- Low levels of vitamin B12, iron and zinc.
- Autoimmune conditions like lupus.
- Use of nonsteroidal anti-inflammatory drugs (NSAIDs).
- Family history of canker sores.
- Injury to the sensitive lining of the mouth.
- Hormonal changes, such as pregnancy.
Foods can cause canker sores in a variety of ways. Any foods that irritate or injure the oral tissues can potentially lead to a canker sore. This can include:
- Acidic fruits and vegetables, including juices.
- Spicy foods.
- Salty foods.
- Crunchy or sharp foods.
- Any food a person is allergic to.
Although researchers haven't conclusively identified stress as a cause of canker sores, they have found a high correlation between recurrent canker sores and anxiety, depression and psychological stress.
How To Get Rid of Canker Sores
Fortunately, many options exist for treating painful canker sores.
Anecdotal evidence suggests the benefits of many home remedies for canker sores. While medical proof may not exist (yet!) for many of these remedies, people swear by the use of several ordinary household products for the treatment of canker sores. Here are just a few:
- Coconut oil.
- Apple cider vinegar.
- Baking soda.
Red Light Therapy
Red light therapy can also help to reduce pain and speed healing of canker sores. In fact, one study showed that 75% of patients treated with red light reported reduced pain after one session and experienced a shortened healing time of just four days.
While treatment with red light used to be available only in a clinical setting, many products now exist to harness this technology for home use. The Luminance RED is an FDA-registered device designed to use this kind of red light therapy for canker sores at home.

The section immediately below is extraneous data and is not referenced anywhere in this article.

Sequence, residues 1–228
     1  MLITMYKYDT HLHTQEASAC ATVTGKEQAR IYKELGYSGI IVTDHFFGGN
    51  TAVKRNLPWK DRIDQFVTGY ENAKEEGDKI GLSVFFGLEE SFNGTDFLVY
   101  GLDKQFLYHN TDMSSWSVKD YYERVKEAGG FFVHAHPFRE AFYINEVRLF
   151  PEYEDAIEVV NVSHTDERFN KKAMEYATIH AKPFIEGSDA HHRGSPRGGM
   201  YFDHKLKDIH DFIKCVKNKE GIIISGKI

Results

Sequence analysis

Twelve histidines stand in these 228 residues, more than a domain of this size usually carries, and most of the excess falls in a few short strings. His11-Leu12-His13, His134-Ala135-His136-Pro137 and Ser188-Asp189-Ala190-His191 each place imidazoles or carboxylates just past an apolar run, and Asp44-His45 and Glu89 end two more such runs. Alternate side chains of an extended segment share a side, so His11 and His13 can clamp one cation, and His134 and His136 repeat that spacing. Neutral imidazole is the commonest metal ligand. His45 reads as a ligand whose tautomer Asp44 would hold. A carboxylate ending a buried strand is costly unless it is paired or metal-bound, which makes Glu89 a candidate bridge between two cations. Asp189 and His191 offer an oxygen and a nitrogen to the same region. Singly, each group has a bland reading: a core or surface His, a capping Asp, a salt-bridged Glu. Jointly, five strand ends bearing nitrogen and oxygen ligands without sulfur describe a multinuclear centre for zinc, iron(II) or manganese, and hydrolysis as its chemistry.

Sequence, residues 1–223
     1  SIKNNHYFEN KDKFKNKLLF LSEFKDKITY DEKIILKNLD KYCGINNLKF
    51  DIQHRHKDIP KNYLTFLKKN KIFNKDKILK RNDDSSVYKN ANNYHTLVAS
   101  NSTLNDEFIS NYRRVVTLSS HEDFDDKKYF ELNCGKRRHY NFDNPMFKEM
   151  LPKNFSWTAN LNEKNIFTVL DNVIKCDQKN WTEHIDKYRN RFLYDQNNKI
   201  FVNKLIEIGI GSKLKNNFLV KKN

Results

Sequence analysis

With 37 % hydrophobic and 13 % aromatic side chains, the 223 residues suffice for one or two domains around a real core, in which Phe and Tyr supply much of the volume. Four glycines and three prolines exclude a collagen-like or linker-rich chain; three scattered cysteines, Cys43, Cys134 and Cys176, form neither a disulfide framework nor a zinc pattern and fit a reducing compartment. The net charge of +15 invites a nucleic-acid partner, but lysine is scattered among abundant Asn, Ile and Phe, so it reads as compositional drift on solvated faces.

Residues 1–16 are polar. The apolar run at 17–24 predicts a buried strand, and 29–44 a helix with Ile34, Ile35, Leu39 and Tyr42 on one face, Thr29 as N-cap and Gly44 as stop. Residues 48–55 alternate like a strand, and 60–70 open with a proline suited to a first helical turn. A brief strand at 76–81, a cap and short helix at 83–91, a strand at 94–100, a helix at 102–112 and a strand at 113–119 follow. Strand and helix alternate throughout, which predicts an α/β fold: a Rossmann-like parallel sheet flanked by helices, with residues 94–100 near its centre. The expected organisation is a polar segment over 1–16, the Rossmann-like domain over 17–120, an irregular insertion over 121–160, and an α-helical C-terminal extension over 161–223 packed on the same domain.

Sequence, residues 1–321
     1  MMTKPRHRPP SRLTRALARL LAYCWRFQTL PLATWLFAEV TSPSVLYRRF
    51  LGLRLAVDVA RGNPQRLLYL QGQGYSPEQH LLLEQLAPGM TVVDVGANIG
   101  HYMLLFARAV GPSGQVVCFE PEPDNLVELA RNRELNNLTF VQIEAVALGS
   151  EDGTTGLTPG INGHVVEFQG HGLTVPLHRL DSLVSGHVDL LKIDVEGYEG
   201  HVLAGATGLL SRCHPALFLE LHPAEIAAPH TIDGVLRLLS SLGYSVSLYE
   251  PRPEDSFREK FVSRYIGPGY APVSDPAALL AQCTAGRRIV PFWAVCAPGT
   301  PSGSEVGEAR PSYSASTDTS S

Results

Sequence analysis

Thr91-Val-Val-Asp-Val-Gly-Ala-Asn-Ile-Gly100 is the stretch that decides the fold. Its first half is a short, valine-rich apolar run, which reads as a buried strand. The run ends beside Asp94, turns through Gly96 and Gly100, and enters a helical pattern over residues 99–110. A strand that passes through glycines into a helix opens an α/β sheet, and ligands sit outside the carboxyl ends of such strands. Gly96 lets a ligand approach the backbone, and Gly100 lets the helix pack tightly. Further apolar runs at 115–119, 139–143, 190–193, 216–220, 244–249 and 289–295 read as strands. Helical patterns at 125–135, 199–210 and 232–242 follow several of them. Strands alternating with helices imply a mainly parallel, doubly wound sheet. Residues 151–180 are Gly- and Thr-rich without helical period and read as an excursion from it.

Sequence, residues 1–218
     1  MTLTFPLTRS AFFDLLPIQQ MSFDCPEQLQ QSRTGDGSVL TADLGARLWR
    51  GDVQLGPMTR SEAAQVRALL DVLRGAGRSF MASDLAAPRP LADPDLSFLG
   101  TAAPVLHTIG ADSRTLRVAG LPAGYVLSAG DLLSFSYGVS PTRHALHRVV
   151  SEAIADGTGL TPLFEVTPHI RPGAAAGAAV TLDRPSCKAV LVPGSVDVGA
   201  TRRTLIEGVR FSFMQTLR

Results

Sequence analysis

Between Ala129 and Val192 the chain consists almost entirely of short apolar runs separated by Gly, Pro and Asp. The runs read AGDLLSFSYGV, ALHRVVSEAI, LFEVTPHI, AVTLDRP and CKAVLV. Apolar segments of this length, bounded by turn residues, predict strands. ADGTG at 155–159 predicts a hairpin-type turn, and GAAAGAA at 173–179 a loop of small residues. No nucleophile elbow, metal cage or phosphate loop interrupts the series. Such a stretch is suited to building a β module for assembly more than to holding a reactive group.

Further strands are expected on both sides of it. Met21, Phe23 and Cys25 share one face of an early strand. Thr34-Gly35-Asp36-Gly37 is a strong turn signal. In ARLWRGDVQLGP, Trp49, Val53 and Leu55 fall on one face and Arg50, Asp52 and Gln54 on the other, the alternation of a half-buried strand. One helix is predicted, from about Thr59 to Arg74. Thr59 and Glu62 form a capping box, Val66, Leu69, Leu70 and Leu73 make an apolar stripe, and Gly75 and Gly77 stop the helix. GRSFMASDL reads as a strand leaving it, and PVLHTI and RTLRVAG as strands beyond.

Lysine is an essential amino acid that functions as a building block for proteins. Your body can't make lysine on its own, so you have to consume lysine in your diet.
Lysine has many important functions in the body, including:
- Immune system support.
- Nutrient absorption.
- Collagen production.
All of these functions could help improve existing canker sores and decrease the likelihood of developing new ulcers.
Many over-the-counter canker sore treatments are available in the form of patches, topical creams or dental products at your local drugstore.
Topical ointments, liquids and creams use a variety of ingredients to soothe canker sore pain and heal and tighten the skin affected by the ulcer.
Patches can be applied directly to the canker sore to protect it from further irritation. There are even specially formulated toothpastes to help combat bacteria that can aggravate canker sores.
When To See a Doctor About Canker Sores
If you've made lifestyle changes and tried treatments at home but still suffer from frequent and recurrent canker sores, it may be time to call a medical professional. Mouth ulcers that cause severe pain, sores that spread to other areas of the mouth, or unusually large sores are also signs that you need to contact your doctor.
Recurrent canker sores, especially severe ones, can be a symptom of a serious underlying health condition such as Crohn's disease, AIDS or celiac disease. Your health care provider will be able to test you for these conditions as well as order blood work to check for deficiencies in certain vitamins and minerals.